Comment period extended on RSF Association’s new lighting regulation

RSF Association offices
(Karen Billing)

The Rancho Santa Fe Association is seeking more community involvement in its proposed updates to the regulatory code. The latest chapter to be posted for public comment is on outdoor lighting, addressing uplighting, the hours of use of lighting and the inclusion of lumens, a direct measurement of light output or brightness. The regulation seeks to permit the use of outdoor lighting for safety and security while minimizing its impact on neighboring residences, light pollution and protecting the natural environment.

After the Association posted the draft of the proposed lighting regulation on Aug. 6, the board received 20 comments which has resulted in some amendments and clarifications.

“Because of the interest that has been expressed in this chapter, we are proposing that we extend the comment period for another month,” said Building Commissioner Maryam Babaki at the board’s Sept. 3 meeting.

RSF Association Director Rick Sapp said the comments have demonstrated that the community seems to be divided on the concept of how “dark skies” are defined in terms of both hours of operation and the presence or non-presence of uplighting. Discussions about lighting in Rancho Santa Fe have always included references to a “dark skies policy” but the phrase is actually not included in the Association’s governing documents: There is no mention of “dark skies” in the Protective Covenant.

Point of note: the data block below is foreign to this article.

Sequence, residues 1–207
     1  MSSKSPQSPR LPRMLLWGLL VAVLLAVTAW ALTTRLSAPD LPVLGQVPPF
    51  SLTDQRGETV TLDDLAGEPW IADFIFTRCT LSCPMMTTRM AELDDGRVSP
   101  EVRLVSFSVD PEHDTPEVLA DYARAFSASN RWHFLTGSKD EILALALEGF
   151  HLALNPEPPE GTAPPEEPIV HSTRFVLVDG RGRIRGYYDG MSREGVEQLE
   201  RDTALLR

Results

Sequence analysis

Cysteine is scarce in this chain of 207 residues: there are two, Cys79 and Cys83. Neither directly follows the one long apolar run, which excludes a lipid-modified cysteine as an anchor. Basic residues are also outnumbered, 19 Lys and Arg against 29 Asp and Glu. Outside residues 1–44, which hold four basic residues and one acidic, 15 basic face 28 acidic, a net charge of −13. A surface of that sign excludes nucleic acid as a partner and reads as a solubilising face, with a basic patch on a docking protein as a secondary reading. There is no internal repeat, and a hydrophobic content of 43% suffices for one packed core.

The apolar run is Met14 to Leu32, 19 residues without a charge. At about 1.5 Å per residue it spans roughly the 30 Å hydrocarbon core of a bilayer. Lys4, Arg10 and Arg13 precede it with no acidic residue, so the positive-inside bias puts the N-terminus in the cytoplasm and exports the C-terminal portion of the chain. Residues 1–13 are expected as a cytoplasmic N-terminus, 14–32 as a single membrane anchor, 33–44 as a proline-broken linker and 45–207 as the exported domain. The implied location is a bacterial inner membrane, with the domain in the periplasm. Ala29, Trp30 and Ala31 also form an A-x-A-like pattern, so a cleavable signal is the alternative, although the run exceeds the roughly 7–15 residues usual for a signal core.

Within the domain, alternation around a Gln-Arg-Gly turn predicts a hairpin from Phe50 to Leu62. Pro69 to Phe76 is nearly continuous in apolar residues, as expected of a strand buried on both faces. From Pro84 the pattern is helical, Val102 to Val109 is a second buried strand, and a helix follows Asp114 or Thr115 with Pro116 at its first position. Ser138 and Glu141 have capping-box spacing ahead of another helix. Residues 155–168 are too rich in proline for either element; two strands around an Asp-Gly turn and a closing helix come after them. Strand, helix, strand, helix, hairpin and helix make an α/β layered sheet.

As Babaki explained, in the mid-1980s San Diego County came up with the first codes about dark skies in relation to protecting its two observatories in Palomar and Mount Laguna from the detrimental effects of light pollution on astronomical research, as well as minimizing light pollution for county residents’ outdoor enjoyment. The San Dieguito Community Plan recognizes the dark night sky as an essential element contributing to the rural character of the area.

Dark skies are mentioned in the Association’s residential design guidelines and the existing regulatory code: “The dark sky standard includes the maintenance of predominant rural darkness characterized by limited and controlled emissions of light that distinctly differ from more intrusive suburban lighting patterns.”

With the revised regulation, Babaki said the Association is trying to bring some understanding and standards to how they want to accomplish the dark sky, whether that means by fixtures, lumens or time restrictions.

“We want to find a happy medium that makes sense but we also want to put something in place that actually can be policed within reason. If we put something in that’s so stringent that nobody pays attention to it, it’s like having nothing,” said newly-elected board President Mike Gallagher.

Per the proposed regulation, uplighting would remain generally prohibited, however, there is a proposed language that a maximum of five lights may be approved by the Art Jury for address markers, specimen trees, fountains, or in a courtyard given that the lights are shielded from the sky.